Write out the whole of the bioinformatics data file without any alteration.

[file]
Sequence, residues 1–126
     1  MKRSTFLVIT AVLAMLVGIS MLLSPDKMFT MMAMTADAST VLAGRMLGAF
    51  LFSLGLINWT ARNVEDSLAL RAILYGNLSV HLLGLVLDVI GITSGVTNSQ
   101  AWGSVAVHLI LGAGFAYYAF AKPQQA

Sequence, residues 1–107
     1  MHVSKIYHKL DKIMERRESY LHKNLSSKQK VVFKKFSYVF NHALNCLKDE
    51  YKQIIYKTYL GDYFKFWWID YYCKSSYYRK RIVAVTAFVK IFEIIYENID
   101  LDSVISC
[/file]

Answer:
Sequence, residues 1–126
     1  MKRSTFLVIT AVLAMLVGIS MLLSPDKMFT MMAMTADAST VLAGRMLGAF
    51  LFSLGLINWT ARNVEDSLAL RAILYGNLSV HLLGLVLDVI GITSGVTNSQ
   101  AWGSVAVHLI LGAGFAYYAF AKPQQA

Sequence, residues 1–107
     1  MHVSKIYHKL DKIMERRESY LHKNLSSKQK VVFKKFSYVF NHALNCLKDE
    51  YKQIIYKTYL GDYFKFWWID YYCKSSYYRK RIVAVTAFVK IFEIIYENID
   101  LDSVISC